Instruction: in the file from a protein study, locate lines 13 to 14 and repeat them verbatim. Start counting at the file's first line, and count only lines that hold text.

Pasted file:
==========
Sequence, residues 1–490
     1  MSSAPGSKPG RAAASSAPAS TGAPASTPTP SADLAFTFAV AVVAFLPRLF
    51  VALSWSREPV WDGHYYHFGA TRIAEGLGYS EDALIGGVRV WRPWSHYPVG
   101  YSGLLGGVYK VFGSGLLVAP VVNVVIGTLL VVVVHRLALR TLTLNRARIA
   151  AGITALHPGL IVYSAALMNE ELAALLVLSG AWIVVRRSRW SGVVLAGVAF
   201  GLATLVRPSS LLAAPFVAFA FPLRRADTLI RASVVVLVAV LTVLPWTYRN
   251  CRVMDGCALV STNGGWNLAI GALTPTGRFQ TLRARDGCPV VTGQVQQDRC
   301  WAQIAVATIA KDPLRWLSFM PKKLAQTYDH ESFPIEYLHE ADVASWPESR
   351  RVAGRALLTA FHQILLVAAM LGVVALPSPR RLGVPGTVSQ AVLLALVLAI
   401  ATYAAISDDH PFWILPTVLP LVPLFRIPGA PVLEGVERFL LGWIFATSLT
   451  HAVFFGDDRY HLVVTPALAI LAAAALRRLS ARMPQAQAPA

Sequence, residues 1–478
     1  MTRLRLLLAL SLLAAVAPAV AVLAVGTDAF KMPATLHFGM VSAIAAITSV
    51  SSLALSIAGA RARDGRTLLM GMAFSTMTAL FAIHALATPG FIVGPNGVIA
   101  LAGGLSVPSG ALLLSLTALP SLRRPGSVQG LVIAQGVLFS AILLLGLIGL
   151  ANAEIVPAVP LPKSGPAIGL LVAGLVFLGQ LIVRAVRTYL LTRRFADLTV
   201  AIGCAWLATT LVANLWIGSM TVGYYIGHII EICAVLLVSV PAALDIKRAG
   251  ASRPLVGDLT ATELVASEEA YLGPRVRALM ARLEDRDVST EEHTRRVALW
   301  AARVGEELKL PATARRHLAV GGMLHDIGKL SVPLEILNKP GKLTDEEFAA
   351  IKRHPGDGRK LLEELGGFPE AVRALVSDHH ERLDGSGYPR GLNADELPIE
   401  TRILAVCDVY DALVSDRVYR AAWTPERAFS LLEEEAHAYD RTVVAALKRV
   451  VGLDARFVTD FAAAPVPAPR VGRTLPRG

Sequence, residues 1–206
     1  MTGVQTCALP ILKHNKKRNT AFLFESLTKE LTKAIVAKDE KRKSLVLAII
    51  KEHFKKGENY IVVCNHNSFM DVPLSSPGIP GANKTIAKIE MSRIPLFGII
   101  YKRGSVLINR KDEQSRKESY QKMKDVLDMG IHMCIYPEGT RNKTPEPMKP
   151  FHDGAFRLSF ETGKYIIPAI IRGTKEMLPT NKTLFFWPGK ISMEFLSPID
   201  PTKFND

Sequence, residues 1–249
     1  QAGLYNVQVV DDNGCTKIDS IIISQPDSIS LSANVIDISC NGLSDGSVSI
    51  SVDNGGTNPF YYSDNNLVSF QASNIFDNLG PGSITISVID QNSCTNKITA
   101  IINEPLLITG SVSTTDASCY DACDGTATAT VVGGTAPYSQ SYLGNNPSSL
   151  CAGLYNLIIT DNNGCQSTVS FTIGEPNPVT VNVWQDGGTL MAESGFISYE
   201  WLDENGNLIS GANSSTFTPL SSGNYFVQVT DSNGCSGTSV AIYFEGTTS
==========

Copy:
     1  MTRLRLLLAL SLLAAVAPAV AVLAVGTDAF KMPATLHFGM VSAIAAITSV
    51  SSLALSIAGA RARDGRTLLM GMAFSTMTAL FAIHALATPG FIVGPNGVIA